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# Minimum summer runoff map

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Flow

The map “Mean annual flow” reflects the formation patterns of the water regime of the territory, which are determined by the properties of landscapes to transform atmospheric moisture into the runoff.

For a water body basin, the surface runoff is the total amount of water loss from the watershed landscapes. The runoff rate from landscape complexes is determined by solving the inverse problem, i.e. identification of the connection of flow rate at the main stream station of a catchment with the runoff from landscapes, occupying its area, and is calculated based on the equation Qj = ∑qi fij, where j is the index of the river basin, Qj is its runoff, L/s; qi is a modification of flow from the i-th landscape complex, L/s km2; fij is an area of the j-th basin occupied by the i-th landscape, km2. Long-term average runoff data for small and medium-sized rivers of theLake Baikal basin were used in calculations for the map construction [Long-term…, 1986, http://www.r-arcticnet.sr.unh.edu]. Characteristics of landscape components were obtained on the basis of the materials on landscape of the Baikal region [Landscapes…, 1977, Natural..., 2009, Landscapes…, 1990, Lysanova et al., 2009]. In accordance with the regional dimension, generalization degree is chosen at the geom level, and their average annual flow moduli are determined. The territory on the map is divided into regions according to five gradations of the module - from less than 1 to more than 10 L/s km2.

The catchment area of the lake covers a variety of landscape zones and altitudinal belts, which makes a great contrast between the runoff rates. The highest annual flow moduli are formed within the goletz and mountain-taiga landscapes. Steppe and forest-steppe areas are distinguished by the minimum runoff rates, and in the desert regions of Mongolia (the Selenga river basin) flow formation almost does not take place.

The maps of minimum and maximum flow were compiled based on the typological landscape classification represented on the map [Landscapes…, 1977]. In the course of investigation, landscapes of different types were generalized by identifying the most hydrologically informative properties (morphological characteristics, vegetation structure, altitudinal zonation, etc.). As a result, more than 200 landscapes were combined into sixteen types of natural complexes, and runoff rates were determined for them. The moduli of maximum snow runoff and minimum summer runoff were calculated as described above.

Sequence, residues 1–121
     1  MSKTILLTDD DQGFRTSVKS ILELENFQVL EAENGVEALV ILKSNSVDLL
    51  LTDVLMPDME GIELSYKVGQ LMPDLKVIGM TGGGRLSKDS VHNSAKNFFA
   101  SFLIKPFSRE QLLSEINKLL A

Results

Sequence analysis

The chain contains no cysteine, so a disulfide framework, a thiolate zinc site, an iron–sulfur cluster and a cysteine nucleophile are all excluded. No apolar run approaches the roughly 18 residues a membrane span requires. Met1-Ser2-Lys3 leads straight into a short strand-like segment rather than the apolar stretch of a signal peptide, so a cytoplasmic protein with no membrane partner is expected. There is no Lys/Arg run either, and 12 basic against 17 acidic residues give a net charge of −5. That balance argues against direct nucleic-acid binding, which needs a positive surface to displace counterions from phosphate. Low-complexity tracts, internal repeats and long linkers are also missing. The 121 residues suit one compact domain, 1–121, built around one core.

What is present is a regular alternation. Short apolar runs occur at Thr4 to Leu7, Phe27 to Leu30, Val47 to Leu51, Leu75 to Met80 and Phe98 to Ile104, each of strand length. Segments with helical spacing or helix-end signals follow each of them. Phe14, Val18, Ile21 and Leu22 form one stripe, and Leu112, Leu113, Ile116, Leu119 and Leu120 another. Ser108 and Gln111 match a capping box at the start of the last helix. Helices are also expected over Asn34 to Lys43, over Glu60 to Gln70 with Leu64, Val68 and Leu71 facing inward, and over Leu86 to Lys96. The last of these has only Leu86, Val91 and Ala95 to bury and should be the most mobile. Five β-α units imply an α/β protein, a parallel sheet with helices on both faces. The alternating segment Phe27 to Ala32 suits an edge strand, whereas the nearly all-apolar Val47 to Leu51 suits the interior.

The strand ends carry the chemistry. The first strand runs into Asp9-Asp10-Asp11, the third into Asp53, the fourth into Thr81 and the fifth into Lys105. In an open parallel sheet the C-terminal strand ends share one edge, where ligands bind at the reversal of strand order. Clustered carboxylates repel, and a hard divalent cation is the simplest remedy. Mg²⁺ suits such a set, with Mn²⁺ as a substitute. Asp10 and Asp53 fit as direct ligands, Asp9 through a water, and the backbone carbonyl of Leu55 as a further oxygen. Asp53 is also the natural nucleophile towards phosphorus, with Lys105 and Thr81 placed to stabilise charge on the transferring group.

Areas with the highest runoff of floods are confined to the mountain ranges and systems with goletz open woodlands and mountain-taiga landscapes. The main areas, distinguished by formation of frequent and high floods are the Baikalsky Range on the north-eastern end of the lake; Barguzinsky Range, located in the south-eastern part of the catchment, and the Khamar-Daban, covering the south-western shore of Lake Baikal. The values of the maximum flow modification are shown in three gradations on the map, namely: less than 25, 25-70, and more than 100 L/s km2.

Features of formation of the minimum summer runoff in the Baikal basin are associated with the regime of atmospheric moisture, as well as with the effects of altitude and exposition. The calculations and analysis of the minimum summer runoff have shown a relatively high water yield in the low-flow period from high-mountain taiga landscapes and extremely low river flow formation in the central areas of the Selenga river catchment and in Priolkhonie, which are covered with light coniferous landscapes and steppe complexes on slopes and plains. The map shows the value of the minimum flow in three gradations, namely: less than 1.5, 3.0-5.0, and more than 5.0 L/s km2.

Landscape-hydrological mapping based on the quantitative characteristics of water yield of landscape complexes objectively reflects the hydrological organization of the territory.

References

Kuznetsova T.I. (2009). Map "Natural landscapes of the Baikal region and their use: purpose, structure, and content”.  T.I. Kuznetsova, A.R. Batuev, and A.V. Bardash. Geodeziya i kartografiya, , no 9, pp. 18-28.

Landscapes of southern East Siberia [Maps]: [physical map] (1977) / compiled and prep. for printing by factory no. 4 GUGK in 1976, authors: V.S. Mikheev and V.A. Ryashin. 1: 1 500 000, Moscow: GUGK, 1 map (4 sheets): col.

Landscapes [Maps] [physical map] / The National Atlas of the Mongolian People's Republic. / comp .and prep to print by GUGK in 1989, authors: B.M. Ishmuratov, K.N. Misevich, I.L. Savelyeva, et al.

Lysanova, G.I., Semenov, Yu.M., Shekhovtsov, A.I., and Sorokovoy, A.A. (2013). Geosystems of the Republic of Tuva. Geografiya i prirodnye resursy, no. 3, pp. 181-185.

Long-term data on the regime and surface water resources. The Baikal basin. (1986). Vol. 1, no. 14, Leningrad: Gidrometeoizdat, 361 p.

A Regional, Electronic, Hydrographic Data Network For the Arctic Region. URL: http://www.r-arcticnet.sr.unh.edu

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